For those who have too much water, the "waterworks" moves it at super-sonic speed to areas with not enough water. It even could follow the highway system.

Wow...flooding and drought would be a thing of the past!

I don't think the technology is in place to move that much water at that speed on-demand like that. A better option IMO would be a nationwide high-speed rail network. For not only people, but cargo. Amtrak is ancient technology (with the exception of the Accela line in the northeast). Get it upgraded to something on-par with Europe, and quite a few problems from pollution to rail congestion would be gone.
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Quoting CycloneOz:


Wow...really! That's pretty cool! :)


They have me working all over the place... I've registered as a volunteer and I'm sleeping on our local WCM's hotel room floor... :-)
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Quoting Patrap:
Ill come for Barbeque if one comes here for Jazz Fest,Simon and Garfunkel and Allman Brothers are this years headliners.

Jazz Fest,NOLA 2010

Can't make Jazz Fest this year. The other half has too much planned. I will be in NOLA mid-April, not sure how much time I will have to meet up with people, though.
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Quoting TampaTom:


And, don't forget the Florida Governor's Hurricane Conference at the end of May... I'll be there to teach all week...


Wow...really! That's pretty cool! :)
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Quoting Floodman:


And spending tax dollars on things like the Interstate Highway System. Believe it or not, the republicans and the democrats have been at each other this whole time; regardless of their hatred of one another, they have accomplished some amazing things...


I LOVE THE INTERSTATE! Done in the interest of national security...it truly is a feat.

You know what would be another "interstate-like" feat they could endeavor to work on, that I would support 1,000,000%:

An "interstate waterworks project"

For those who have too much water, the "waterworks" moves it at super-sonic speed to areas with not enough water. It even could follow the highway system.

Wow...flooding and drought would be a thing of the past!
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Quoting nrtiwlnvragn:
Another upcoming Hurricane Conference


And, don't forget the Florida Governor's Hurricane Conference at the end of May... I'll be there to teach all week...
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Quoting RitaEvac:
Those guys on "storm chasers" were getting into the path a few times, it was awesome


Yeah, but for one team, it could have been really bad! I forget his name, but his team drove the "other" TIV, a modified Escalade was it?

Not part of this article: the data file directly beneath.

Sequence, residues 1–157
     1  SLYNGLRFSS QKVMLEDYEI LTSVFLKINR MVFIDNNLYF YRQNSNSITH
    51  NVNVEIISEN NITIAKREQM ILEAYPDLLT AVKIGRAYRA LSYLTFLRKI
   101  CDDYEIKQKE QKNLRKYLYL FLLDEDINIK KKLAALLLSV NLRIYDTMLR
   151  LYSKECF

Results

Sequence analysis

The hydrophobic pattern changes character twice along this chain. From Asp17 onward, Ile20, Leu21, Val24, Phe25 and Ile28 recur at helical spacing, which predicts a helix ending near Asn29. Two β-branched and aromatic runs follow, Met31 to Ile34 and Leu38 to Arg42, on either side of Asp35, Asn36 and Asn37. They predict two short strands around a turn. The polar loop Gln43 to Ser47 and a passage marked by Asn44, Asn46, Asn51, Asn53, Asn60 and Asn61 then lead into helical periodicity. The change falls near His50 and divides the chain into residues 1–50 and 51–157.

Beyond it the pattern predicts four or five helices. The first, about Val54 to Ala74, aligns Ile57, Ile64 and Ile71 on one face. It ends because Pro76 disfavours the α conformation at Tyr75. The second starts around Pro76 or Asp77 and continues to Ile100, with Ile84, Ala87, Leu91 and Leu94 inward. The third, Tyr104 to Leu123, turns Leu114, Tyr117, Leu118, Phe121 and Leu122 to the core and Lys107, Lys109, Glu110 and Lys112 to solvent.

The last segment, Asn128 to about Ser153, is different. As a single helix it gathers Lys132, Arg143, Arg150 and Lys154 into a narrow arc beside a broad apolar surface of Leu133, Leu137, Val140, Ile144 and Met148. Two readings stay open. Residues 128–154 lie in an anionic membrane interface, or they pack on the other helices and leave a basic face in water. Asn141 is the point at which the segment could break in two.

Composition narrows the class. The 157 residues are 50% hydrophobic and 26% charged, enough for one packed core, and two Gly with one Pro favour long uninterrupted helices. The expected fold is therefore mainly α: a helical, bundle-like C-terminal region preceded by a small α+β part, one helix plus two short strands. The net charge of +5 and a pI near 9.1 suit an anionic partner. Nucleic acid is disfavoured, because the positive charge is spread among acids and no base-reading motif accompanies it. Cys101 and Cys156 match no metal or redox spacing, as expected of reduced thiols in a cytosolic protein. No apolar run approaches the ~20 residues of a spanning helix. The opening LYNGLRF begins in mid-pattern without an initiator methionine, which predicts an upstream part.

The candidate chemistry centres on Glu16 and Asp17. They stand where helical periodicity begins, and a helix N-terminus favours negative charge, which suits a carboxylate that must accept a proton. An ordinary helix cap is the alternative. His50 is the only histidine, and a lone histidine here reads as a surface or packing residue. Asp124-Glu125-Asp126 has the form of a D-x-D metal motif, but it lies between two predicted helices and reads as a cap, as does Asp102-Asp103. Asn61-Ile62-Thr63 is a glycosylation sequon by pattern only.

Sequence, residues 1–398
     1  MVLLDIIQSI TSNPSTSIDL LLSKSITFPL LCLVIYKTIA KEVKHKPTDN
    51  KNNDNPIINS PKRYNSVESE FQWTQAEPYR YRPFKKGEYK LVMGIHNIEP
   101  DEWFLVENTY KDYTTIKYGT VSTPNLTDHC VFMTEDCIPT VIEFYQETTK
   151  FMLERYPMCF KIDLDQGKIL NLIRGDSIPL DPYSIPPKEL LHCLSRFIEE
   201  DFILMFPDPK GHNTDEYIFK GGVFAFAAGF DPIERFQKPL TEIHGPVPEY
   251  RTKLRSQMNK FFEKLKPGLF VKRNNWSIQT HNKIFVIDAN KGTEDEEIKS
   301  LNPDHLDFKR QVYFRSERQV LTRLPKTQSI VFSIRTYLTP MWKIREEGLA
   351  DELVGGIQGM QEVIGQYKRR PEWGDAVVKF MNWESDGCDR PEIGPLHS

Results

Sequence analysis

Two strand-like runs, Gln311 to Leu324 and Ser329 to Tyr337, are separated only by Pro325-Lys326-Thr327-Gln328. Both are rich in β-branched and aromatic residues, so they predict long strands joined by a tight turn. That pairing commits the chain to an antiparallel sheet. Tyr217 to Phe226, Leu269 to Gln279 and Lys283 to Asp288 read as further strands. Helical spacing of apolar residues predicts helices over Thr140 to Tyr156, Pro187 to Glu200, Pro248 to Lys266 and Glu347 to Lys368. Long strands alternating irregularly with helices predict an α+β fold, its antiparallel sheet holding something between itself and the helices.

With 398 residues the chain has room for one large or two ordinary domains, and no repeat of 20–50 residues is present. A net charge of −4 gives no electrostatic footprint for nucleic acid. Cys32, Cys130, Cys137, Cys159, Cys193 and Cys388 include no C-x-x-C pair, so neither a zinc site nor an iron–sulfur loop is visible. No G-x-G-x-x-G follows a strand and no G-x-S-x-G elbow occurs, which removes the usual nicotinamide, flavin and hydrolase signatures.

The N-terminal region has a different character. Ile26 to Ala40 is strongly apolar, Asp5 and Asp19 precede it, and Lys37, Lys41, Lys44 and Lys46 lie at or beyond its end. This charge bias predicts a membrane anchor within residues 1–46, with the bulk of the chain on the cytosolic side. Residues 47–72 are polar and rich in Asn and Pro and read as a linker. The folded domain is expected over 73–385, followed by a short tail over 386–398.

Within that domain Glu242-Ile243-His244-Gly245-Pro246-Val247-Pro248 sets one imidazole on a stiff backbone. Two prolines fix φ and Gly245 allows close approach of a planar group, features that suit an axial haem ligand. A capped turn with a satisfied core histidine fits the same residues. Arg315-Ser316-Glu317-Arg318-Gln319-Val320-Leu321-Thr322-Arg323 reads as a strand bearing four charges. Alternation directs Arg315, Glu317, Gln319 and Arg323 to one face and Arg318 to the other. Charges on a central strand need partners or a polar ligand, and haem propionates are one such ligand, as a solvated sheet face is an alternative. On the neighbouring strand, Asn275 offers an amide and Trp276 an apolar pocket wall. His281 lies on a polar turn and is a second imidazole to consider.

Anyway, (oh...his name is Reid...I think) Reid had his driver's window explode on him and he got cut near his left eye.

Very close call. "Coulda put an eye out!" with that! And he designed the thing "for in close."

Don't think I haven't thought about that with what I do in hurricanes.

But like any other extreme sport or activity, the risk of injury (or worse) is always there.

Ms. Vonn of our US Olympic ski team can tell you something about that risk vs. reward scenario from her work this year.
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Its time for lunch i want Bar B Q
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Quoting CycloneOz:


Me, too. That's why the Fed should stick with doing the things it is really GREAT at...like defending our nation with armies!


And spending tax dollars on things like the Interstate Highway System. Believe it or not, the republicans and the democrats have been at each other this whole time; regardless of their hatred of one another, they have accomplished some amazing things...
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Ill come for Barbeque if one comes here for Jazz Fest,Simon and Garfunkel and Allman Brothers are this years headliners.

Jazz Fest,NOLA 2010
Member Since: July 3, 2005 Posts: 426 Comments: 128667
I usually make Houston/Galveston 2wice a year ,..

And I lub dat bar-b-cue and Astros Games for sure
Member Since: July 3, 2005 Posts: 426 Comments: 128667
Quoting RitaEvac:
Patrap oughta come over and try out the Houston Rodeo, have some real Texas Bar B Q

For once, I will actually go to the rodeo this year... The other half got 2 tickets to Keith Urban.
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Patrap oughta come over and try out the Houston Rodeo, have some real Texas Bar B Q with finger lickin ribs, brisket, sausage, potato salad and a cold TX beer
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Indianapolis February Climate Summary
Central Indiana
February 2010 Climate Summary

23rd Coolest on record at Indianapolis
14th Driest on record at Indianapolis
6th Snowiest on record at Indianapolis